A latest highschool graduate who organized a Black Lives Matter rally in Englewood Cliffs, New Jersey stated she was billed $2,500 by town officers for police overtime, stirring up anger from civil liberty advocates and prompting the town’s mayor to rescind the bill.
Emily Gil, the 18-year-old who organized the occasion in July, was directed by Mayor Mario Kranjac to pay $2,499.26 “for the police overtime caused by your protest,” in accordance to a letter reported by NJ Advance Media. Gil’s protest referred to as on the town to enhance entry to inexpensive housing.
The letter acknowledged that Gil refused to meet with officers earlier than her occasion, which left them scrambling to put together safety plans.
“Your lack of notification left the borough with little time to prepare for your protest so that the police department and department of public works could ensure that everyone would be safe,” the letter stated.
However, Gil stated that she declined requests to meet with officers in individual due to issues in regards to the coronavirus and that officers by no means accepted her provide to meet remotely on Zoom. Gil advised NJ Advance Media that solely 30 to 40 folks attended the rally and triggered no disruption.
“Englewood Cliffs is trying to intimidate and silence people who are standing up for Black Lives Matter and the implementation of affordable housing,” Gil advised the information outlet. Kranjac stated that Gil was incorrect to hyperlink inexpensive housing to her protest.
“As with any privately-sponsored event that takes place in the borough requiring police safety, an invoice was sent to the organizer for police overtime since it would be unfair to require our residents to financially support a private event,” Kranjac stated.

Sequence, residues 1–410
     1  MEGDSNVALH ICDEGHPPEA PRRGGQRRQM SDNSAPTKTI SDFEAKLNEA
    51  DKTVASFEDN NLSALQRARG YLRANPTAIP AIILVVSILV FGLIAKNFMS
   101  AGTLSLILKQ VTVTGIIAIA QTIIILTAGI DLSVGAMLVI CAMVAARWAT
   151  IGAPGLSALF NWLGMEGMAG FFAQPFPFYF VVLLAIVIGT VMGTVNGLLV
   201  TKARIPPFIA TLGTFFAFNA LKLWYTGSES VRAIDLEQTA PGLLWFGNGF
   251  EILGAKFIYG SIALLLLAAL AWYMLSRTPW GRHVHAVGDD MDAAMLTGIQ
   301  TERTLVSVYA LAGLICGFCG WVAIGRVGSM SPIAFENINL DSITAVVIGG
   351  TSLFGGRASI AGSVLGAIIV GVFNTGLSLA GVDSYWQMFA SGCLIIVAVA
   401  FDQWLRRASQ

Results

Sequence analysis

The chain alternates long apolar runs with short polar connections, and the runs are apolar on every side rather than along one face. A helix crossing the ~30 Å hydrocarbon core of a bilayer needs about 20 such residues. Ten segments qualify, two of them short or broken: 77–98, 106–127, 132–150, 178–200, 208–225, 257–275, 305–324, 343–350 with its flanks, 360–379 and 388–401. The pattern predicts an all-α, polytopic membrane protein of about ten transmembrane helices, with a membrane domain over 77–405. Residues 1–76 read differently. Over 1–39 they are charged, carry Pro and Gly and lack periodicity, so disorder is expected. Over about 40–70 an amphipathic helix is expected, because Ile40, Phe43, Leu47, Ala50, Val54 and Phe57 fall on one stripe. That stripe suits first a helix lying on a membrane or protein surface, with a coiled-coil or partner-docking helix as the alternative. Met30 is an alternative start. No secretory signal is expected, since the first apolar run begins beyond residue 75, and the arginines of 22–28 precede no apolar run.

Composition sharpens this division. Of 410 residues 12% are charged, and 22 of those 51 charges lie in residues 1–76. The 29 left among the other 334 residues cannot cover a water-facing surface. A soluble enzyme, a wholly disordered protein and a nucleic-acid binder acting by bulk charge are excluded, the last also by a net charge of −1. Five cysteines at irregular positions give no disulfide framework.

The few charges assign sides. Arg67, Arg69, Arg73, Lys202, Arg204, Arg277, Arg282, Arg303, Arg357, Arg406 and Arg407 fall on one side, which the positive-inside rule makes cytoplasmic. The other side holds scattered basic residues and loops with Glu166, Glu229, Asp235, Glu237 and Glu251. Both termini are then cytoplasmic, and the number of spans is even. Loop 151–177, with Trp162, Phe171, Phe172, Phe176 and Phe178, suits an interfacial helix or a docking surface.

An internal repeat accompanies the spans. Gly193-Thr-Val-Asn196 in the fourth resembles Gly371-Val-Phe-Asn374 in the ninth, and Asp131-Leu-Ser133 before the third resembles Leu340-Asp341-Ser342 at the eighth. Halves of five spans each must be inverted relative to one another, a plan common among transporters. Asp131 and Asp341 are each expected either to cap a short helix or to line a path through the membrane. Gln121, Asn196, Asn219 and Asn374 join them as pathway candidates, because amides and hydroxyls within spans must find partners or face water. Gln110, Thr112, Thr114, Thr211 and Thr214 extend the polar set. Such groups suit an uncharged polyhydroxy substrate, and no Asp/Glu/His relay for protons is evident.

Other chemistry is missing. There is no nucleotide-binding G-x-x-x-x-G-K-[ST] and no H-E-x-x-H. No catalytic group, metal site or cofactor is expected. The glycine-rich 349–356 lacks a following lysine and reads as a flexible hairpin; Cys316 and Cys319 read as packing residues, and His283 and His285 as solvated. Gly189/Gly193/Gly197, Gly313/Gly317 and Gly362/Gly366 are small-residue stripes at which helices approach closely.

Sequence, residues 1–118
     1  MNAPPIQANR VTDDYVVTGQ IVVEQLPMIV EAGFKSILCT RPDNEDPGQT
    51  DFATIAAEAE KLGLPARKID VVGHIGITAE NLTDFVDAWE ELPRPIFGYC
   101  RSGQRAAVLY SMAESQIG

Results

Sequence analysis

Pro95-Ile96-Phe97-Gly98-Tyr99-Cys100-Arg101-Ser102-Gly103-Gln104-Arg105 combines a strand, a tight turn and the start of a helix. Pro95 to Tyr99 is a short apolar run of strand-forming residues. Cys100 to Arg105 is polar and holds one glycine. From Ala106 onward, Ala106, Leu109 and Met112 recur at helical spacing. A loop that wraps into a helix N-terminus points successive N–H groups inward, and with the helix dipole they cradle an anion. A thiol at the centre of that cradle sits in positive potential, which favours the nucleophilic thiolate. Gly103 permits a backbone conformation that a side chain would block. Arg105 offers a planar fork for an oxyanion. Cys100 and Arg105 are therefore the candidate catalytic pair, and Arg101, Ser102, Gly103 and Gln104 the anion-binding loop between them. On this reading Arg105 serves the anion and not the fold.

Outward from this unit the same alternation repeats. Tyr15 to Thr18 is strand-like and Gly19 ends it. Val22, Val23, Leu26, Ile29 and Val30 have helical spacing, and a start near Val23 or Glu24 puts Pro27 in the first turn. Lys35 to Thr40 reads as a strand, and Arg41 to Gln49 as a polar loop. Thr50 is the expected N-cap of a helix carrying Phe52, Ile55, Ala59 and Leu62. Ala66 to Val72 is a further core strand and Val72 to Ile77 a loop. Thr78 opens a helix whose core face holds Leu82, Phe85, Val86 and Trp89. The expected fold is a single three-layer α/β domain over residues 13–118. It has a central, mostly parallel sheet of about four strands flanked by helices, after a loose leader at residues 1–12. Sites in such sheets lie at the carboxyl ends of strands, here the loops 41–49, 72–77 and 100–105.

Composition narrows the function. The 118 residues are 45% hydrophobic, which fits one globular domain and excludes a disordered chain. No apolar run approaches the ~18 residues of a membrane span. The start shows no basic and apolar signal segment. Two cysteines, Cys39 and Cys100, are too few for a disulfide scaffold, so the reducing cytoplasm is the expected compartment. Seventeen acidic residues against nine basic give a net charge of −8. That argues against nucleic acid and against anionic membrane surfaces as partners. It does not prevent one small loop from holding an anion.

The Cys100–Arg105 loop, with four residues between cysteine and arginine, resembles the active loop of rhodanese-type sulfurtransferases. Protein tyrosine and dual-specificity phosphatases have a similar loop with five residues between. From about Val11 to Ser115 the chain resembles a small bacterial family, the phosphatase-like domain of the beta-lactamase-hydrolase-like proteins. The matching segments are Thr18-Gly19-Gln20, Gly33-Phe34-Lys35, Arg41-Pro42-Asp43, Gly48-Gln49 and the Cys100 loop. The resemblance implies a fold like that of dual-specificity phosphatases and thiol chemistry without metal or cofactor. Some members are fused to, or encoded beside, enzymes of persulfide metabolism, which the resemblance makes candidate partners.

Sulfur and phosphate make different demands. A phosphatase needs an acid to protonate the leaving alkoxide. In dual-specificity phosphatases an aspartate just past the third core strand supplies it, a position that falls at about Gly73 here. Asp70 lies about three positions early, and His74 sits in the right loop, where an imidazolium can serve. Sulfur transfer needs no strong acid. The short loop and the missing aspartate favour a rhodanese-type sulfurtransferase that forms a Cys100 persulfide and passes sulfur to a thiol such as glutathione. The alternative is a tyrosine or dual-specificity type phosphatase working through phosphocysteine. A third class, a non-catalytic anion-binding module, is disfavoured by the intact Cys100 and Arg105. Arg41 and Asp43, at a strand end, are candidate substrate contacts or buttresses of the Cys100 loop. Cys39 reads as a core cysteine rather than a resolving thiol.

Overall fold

Four Democratic members of the town’s Council issued a press release on Friday condemning the Republican mayor’s bill and argued that he tried to “bully and silence a young woman who simply dared to exercise her first amendment rights.”
The mayor on Saturday in a letter to Gil stated he rescinded the bill for police overtime and defined that the bill was based mostly on the recommendation of the borough administrator. He additionally stated would proceed to work on the town’s inexpensive housing choices.
“I was told that all private events requiring police overtime should be paid for by the organizers. It was never intended as a fine, but rather as a fee,” Kranjac wrote in a letter.
“I have researched the issue further with my own counsel and I am hereby rescinding the bill, subject to our Council’s ratification of my action,” he continued. “I always want to make certain that everyone’s Constitutional Rights are fully respected. We will have to adjust the Borough’s ordinances accordingly.”